I woke up today feeling angry that yesterday one of the leaders of the Green Party, James Shaw — a Cabinet Minister — was beaten up while walking to work in central Wellington. It wasn’t a random attack; he was deliberately targeted. Shit like that isn’t meant to happen in NZ where our politicians are routinely to be found hanging out like normal people and are generally incredibly accessible.

By lunchtime I was cheered by the energy of the climate change strike events — at which James Shaw, black eye and all — spoke passionately to huge applause.

Then it all came crashing down.

I suppose it was naive to think that these little islands at the bottom of the world could be immune to the insane hatred and violence blighting so many other countries. Our time had to come. And it has.

Tonight we are a nation in mourning. For the senseless loss of precious lives, and for our country’s loss of innocence today.

When the familiar disappears

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Early morning mist, Collins Park Greenhithe. Image: Su Leslie 2019

I love the way that morning mist renders even the most familiar landscape a little bit unknown and mysterious.

I’ve lived in the same place for 19 years, and although much has changed in that time, physical alterations have been gradual, each settling more or less gently into the neighbourhood.

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Still a pleasant place to sit. War Memorial Park Greenhithe, Auckland. Image: Su Leslie 2019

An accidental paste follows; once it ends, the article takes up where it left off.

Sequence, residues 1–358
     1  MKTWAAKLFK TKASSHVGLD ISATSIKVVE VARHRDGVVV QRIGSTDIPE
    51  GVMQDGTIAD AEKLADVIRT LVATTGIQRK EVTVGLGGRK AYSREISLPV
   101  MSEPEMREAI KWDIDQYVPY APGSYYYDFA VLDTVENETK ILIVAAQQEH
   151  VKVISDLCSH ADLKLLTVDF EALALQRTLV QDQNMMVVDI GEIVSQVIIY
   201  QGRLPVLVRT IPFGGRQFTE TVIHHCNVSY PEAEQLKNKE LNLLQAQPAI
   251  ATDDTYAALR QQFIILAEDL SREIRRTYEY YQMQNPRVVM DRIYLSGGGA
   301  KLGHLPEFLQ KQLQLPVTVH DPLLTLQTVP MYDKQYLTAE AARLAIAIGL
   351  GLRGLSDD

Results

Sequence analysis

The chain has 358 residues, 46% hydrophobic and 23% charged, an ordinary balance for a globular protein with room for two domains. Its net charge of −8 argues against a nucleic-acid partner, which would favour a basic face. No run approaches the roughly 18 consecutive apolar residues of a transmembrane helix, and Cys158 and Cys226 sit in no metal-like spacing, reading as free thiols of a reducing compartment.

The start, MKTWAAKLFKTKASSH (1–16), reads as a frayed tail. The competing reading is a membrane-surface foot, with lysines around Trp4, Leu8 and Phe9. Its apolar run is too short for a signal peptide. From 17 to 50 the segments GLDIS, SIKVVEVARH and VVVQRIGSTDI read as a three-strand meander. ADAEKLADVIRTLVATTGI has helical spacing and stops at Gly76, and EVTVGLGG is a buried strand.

Until recently.

In the last year or so, a large number of modest houses have been demolished to be make way for McMansions. In the latest case, there was sufficient land around the old house to be subdivided into seven lots, each priced at just over a million dollars.

That’s right. For a NZ$1,050,000 (1) you can own 600m2 of bare suburban land upon which to build your dream home. As long as your dream complies with the (usually quite restrictive) building covenants on such developments.

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Scraped bare. Gone is the modest house, garden and small orchard. Image: Su Leslie 2019

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Installing services for seven new houses that will be built on this site. Image: Su Leslie 2019

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On the left, an old-school renovation. On the right, bin for construction waste for a complete re-build; the previous house having been demolished. Image: Su Leslie 2019

I hardly know where to start with my list of concerns about this trend. The increasing homogenization of an already elite neighbourhood? The massive environmental footprints of the new houses? The obscenity of building mansions when there are families only a few miles away living in their cars?

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Old Greenhithe. How long before the area’s original cottages (with environmentally friendly rainwater tanks) are just a distant memory? Image: Su Leslie 2019

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No room for eccentricity. Quirky and unique letterboxes aren’t allowed in covenanted developments. Image: Su Leslie 2019

When I noticed this week’s Lens-Artists Challenge theme was “around the neigbourhood”, I set out for a walk intending to capture some of the beauty and charm of the place where I live.

What worries me is that so much of that charm is being destroyed, and what’s left will only be accessible to the wealthy few.

(1) $1,050,000 = around US$719,000, approx £541,500, just over 1,000,000 Australian dollars, or €635,000.